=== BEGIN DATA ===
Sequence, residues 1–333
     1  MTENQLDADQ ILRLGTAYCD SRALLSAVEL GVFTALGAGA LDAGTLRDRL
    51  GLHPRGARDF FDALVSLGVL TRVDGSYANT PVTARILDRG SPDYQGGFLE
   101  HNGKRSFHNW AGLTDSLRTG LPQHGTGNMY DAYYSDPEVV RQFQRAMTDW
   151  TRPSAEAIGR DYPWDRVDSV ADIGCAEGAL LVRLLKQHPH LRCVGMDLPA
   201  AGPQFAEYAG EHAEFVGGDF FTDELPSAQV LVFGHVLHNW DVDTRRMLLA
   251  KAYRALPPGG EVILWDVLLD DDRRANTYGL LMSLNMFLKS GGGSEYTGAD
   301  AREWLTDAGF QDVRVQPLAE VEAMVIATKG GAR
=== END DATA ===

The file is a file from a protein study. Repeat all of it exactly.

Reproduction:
Sequence, residues 1–333
     1  MTENQLDADQ ILRLGTAYCD SRALLSAVEL GVFTALGAGA LDAGTLRDRL
    51  GLHPRGARDF FDALVSLGVL TRVDGSYANT PVTARILDRG SPDYQGGFLE
   101  HNGKRSFHNW AGLTDSLRTG LPQHGTGNMY DAYYSDPEVV RQFQRAMTDW
   151  TRPSAEAIGR DYPWDRVDSV ADIGCAEGAL LVRLLKQHPH LRCVGMDLPA
   201  AGPQFAEYAG EHAEFVGGDF FTDELPSAQV LVFGHVLHNW DVDTRRMLLA
   251  KAYRALPPGG EVILWDVLLD DDRRANTYGL LMSLNMFLKS GGGSEYTGAD
   301  AREWLTDAGF QDVRVQPLAE VEAMVIATKG GAR